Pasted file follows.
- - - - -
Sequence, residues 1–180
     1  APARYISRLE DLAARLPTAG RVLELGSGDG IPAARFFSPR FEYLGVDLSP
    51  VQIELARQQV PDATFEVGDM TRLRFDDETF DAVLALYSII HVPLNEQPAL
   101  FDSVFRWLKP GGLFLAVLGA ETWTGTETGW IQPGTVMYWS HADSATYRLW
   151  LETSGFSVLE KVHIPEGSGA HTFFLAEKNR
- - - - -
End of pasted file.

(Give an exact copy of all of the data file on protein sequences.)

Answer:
Sequence, residues 1–180
     1  APARYISRLE DLAARLPTAG RVLELGSGDG IPAARFFSPR FEYLGVDLSP
    51  VQIELARQQV PDATFEVGDM TRLRFDDETF DAVLALYSII HVPLNEQPAL
   101  FDSVFRWLKP GGLFLAVLGA ETWTGTETGW IQPGTVMYWS HADSATYRLW
   151  LETSGFSVLE KVHIPEGSGA HTFFLAEKNR